Some roundtable participants raised concerns about the unequal distribution of the benefits of patents and their possible impingement on cultural norms. They described patents as protecting developed economies but perhaps disadvantaging indigenous populations worldwide and local cultures in less developed countries.
The traditional knowledge of indigenous or local cultures is often used by industry to help identify plants and non-human animals that may have properties of medical or industrial value, thus saving the companies significant effort. Yet, the peoples on whose traditional knowledge a patented invention was based are not entitled under current patent regimes to obtain the benefits of the patent or the invention. Many participants believe there is also a moral obligation to share profits resulting from the use of traditional knowledge, and that compensation or royalties must be provided if traditional knowledge is used in research leading to a patentable invention.
Participants also noted that if a patent is granted on a chemical or gene sequence found in a wild plant, that plant acquires a monetary value it did not previously have. This creates an incentive to harvest it, which may result in over-harvesting to the point where the plant becomes an endangered species. If particular communities are using this same plant, its scarcity could affect their culture.
Animal welfare provides another example of a class of social issues raised in the consultations where some of the new applications of biotechnology have the potential to compromise a societal value, the protection of animals from unnecessary suffering.
Abuse of Economic Power
A number of participants in the consultations raised questions about whether patents were having the undesirable effect of providing a means through which multinational corporations create and abuse a dominant position in the production and distribution of food products or health-related products, tests and services. Their recommendations generally included removing patents from inventions altogether or, in the extreme, denying patents on biotechnological inventions. This position raises several issues, including standards that ought to be used to determine whether an unacceptable degree of market power has been developed; if it has developed, whether this power is being abused; the agency within the government most capable of rendering these decisions; and appropriate remedies to be applied to reduce or end the abuse.
THREE POSSIBLE APPROACHES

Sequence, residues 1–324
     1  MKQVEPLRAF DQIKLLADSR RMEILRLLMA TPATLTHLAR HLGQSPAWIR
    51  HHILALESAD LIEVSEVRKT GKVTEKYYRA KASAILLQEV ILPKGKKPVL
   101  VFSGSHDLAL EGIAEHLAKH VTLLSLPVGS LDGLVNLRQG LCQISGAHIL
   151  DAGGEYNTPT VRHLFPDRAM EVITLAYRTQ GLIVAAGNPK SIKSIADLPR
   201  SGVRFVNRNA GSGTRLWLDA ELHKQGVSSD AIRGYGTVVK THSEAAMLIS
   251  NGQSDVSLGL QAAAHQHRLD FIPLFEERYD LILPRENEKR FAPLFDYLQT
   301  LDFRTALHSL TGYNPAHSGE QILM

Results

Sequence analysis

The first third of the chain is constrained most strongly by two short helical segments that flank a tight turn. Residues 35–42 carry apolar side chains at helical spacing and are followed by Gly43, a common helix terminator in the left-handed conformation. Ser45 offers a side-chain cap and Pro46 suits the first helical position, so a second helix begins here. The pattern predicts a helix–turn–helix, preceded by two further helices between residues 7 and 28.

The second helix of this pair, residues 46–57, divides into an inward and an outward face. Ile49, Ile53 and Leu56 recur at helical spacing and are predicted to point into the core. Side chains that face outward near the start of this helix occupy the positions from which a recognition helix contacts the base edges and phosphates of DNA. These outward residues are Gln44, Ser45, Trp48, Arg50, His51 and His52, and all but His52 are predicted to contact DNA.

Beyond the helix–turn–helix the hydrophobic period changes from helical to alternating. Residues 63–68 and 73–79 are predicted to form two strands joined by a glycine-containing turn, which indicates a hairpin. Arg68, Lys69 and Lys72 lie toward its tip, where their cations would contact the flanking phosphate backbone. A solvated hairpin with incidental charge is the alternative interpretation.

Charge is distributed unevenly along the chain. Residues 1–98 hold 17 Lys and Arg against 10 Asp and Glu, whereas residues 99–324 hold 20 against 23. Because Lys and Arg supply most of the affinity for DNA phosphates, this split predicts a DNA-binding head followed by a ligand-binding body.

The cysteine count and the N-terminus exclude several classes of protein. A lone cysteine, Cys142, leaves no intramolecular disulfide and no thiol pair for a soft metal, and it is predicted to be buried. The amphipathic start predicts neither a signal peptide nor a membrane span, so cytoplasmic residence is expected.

Although patents are generally perceived to deal with economic incentives, they are not socially and ethically neutral instruments. By providing economic incentives to conduct certain biotechnology research, the patent system encourages activities that have both significant potential for positive and negative ethical, environmental, health and/or social consequences. Most commentators are familiar with the arguments in favour of patents -- that they are believed to create incentives to create products and processes such as new medicines, improvements to economic productivity, and contributions to improved human health and welfare. However, as discussed in the first part of this annex, commentators also noted a range of potentially negative consequences -- commodification of life, inequitable distribution of benefits arising from patented inventions, potential abuse of corporate ownership of genetic resources, among others -- being reinforced or precipitated by patents on biological material, including higher life forms.
As noted in the report, CBAC is of the view that social and ethical considerations are essential underpinnings of effective public policy, and that the full range of legal, regulatory and institutional means needs to be considered when developing policy related to fundamental values.
In its deliberations, CBAC has also sought to identify potential trade-offs among the societal goals and values expressed in the consultations. Because the patent system and society interact in subtle and changing ways, rules and procedures are required that are both robust and flexible so that inventions can be evaluated in the particular context in which they will be used. At the same time, the ethical and social consequences of not encouraging certain innovations must be taken into account, in that doing nothing can sometimes be more socially and ethically damaging than encouraging innovation.
In its examination of all these issues, CBAC has sought to identify mechanisms and potential responsibility centres that are empowered to address the matters raised and that are or could be encouraged to examine the incentives and potential limits to be imposed on patents or patent holders.
A number of the mechanisms noted fall outside the Patent Act, while others are or could be within the patent system. These options are described in the next sections.
Addressing Social and Ethical Considerations Outside the Patent System
This option is premised on the belief that the patent system is not an effective tool with which to regulate social and ethical concerns linked to the commercialization of biotechnology. Those supporting this view raised arguments such as the following: